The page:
In my fourth novel, I went out on a limb, creating a character engulfed in the tyranny of child abuse – an entangling web that informs her life for decades.
We first meet Margaret Elaine Graham – later called Meg – at the age of ten, as she struggles to make sense of the dynamics of her controlling family life. Despite the constraints that often overwhelm her, she finds escape – with her school studies, in her books, and even in some of her friendships – despite the restrictions that often interfere with her goals. For example, she has to hide books under her mattress, because her tyrannical father’s fundamentalist beliefs do not allow for most of her book choices.
Throughout her childhood experiences and the abuse, some of which she will not remember for many years, Meg keeps her eye on the prize – freedom and an escape to a different kind of life.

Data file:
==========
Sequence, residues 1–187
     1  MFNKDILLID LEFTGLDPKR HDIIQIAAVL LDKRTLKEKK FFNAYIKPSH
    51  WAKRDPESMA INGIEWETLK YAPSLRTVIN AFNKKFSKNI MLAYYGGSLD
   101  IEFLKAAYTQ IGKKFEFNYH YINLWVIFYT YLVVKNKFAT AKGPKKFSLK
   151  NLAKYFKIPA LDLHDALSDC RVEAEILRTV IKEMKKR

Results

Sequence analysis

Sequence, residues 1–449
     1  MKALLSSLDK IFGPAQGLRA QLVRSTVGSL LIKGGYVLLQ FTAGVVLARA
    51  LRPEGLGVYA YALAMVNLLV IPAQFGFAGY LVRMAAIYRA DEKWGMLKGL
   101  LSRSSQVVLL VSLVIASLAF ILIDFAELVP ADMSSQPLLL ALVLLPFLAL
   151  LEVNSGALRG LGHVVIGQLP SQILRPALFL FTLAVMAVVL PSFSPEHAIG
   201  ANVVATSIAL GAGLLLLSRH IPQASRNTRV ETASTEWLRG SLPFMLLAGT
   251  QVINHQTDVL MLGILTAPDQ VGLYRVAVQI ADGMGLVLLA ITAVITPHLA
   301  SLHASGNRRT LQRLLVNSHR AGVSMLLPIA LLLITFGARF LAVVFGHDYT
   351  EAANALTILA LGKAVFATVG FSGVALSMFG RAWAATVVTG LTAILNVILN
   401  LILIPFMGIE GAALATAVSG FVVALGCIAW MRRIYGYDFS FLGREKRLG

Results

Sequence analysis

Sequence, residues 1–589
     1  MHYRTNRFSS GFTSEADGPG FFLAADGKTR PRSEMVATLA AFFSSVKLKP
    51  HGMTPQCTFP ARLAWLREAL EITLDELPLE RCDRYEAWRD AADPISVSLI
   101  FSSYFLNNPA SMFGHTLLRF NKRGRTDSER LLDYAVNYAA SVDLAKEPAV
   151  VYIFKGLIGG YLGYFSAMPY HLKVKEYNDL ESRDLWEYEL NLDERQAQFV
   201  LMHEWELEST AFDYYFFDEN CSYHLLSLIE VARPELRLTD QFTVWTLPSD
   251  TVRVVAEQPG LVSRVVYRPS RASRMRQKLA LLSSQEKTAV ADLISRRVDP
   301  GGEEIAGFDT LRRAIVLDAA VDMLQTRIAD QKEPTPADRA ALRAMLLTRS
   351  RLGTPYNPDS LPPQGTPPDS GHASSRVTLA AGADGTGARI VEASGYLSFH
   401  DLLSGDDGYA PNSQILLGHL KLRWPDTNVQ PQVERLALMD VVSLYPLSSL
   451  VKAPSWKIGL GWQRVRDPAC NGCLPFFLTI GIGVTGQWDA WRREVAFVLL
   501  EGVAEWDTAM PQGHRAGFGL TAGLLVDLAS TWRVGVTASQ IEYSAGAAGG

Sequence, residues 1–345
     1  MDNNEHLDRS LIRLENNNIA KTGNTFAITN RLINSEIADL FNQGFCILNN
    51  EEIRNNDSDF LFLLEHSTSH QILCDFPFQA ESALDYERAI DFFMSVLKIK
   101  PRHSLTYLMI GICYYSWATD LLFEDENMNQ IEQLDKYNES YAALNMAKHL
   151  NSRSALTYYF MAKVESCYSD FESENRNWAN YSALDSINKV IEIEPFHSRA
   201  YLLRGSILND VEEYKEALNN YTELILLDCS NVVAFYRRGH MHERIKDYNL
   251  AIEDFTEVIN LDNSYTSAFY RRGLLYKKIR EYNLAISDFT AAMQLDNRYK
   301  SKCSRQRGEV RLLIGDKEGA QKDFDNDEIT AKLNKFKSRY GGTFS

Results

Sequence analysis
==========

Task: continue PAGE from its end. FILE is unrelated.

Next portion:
Unfortunately, some of her choices along the way thwart her goals, including her marriage to Bob Williams – a professional businessman she meets while in college. He is not who he appears to be, and stifled by the control freak that outwardly seemed nothing like her father, Meg hangs in there until after she achieves her college degree. By then, she has a young child, but taking a leap of faith, Meg reinvents herself – as Lainey Graham – and carves out a life that includes friends, involvement in the radical causes of the day, and a career that will hold meaning for her. Most of all, her choices must provide the freedom from all tyranny.
Meg/Lainey greets her quest with trepidation at times, and along the way, she battles alcohol addiction. Therapy sessions provide some of the answers she seeks and open a door onto the secret betrayals of early childhood.